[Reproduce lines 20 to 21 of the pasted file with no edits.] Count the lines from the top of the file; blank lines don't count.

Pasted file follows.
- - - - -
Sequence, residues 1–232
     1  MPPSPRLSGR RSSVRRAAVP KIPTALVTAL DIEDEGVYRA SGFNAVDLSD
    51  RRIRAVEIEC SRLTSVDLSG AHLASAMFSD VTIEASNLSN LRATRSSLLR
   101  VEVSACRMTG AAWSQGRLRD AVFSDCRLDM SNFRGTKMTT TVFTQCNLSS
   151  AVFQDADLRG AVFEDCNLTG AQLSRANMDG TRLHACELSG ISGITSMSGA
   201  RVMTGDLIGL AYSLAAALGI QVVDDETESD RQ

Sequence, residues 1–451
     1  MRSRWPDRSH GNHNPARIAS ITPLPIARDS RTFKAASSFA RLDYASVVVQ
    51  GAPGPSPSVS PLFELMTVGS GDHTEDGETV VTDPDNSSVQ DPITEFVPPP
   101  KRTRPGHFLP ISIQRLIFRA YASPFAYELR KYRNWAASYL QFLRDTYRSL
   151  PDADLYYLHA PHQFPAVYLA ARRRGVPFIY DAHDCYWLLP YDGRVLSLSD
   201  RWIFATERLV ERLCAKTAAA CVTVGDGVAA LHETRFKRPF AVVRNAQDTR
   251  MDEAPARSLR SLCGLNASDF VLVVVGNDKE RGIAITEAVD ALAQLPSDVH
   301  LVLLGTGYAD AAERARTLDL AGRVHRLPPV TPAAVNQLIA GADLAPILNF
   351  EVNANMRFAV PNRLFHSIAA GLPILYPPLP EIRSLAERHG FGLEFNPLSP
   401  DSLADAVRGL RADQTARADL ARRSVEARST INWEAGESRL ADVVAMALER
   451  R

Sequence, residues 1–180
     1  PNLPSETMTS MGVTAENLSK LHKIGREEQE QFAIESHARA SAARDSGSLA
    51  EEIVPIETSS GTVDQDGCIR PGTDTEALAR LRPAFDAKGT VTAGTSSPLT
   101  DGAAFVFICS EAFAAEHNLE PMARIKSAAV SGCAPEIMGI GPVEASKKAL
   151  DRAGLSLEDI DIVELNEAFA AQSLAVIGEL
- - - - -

    51  EEIVPIETSS GTVDQDGCIR PGTDTEALAR LRPAFDAKGT VTAGTSSPLT
   101  DGAAFVFICS EAFAAEHNLE PMARIKSAAV SGCAPEIMGI GPVEASKKAL